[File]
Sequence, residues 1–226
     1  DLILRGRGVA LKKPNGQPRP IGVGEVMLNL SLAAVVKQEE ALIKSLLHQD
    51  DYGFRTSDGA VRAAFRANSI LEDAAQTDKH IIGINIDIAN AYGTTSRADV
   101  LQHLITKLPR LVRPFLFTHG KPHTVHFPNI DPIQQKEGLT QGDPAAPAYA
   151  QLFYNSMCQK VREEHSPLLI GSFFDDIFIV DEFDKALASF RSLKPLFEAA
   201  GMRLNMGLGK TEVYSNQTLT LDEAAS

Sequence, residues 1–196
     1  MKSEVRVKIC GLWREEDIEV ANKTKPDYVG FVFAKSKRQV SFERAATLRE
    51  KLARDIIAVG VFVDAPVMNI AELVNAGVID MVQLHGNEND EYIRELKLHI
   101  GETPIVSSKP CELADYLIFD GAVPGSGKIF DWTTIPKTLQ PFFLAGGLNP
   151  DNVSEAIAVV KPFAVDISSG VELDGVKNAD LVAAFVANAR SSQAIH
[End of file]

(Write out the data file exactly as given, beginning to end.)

Sequence, residues 1–226
     1  DLILRGRGVA LKKPNGQPRP IGVGEVMLNL SLAAVVKQEE ALIKSLLHQD
    51  DYGFRTSDGA VRAAFRANSI LEDAAQTDKH IIGINIDIAN AYGTTSRADV
   101  LQHLITKLPR LVRPFLFTHG KPHTVHFPNI DPIQQKEGLT QGDPAAPAYA
   151  QLFYNSMCQK VREEHSPLLI GSFFDDIFIV DEFDKALASF RSLKPLFEAA
   201  GMRLNMGLGK TEVYSNQTLT LDEAAS

Sequence, residues 1–196
     1  MKSEVRVKIC GLWREEDIEV ANKTKPDYVG FVFAKSKRQV SFERAATLRE
    51  KLARDIIAVG VFVDAPVMNI AELVNAGVID MVQLHGNEND EYIRELKLHI
   101  GETPIVSSKP CELADYLIFD GAVPGSGKIF DWTTIPKTLQ PFFLAGGLNP
   151  DNVSEAIAVV KPFAVDISSG VELDGVKNAD LVAAFVANAR SSQAIH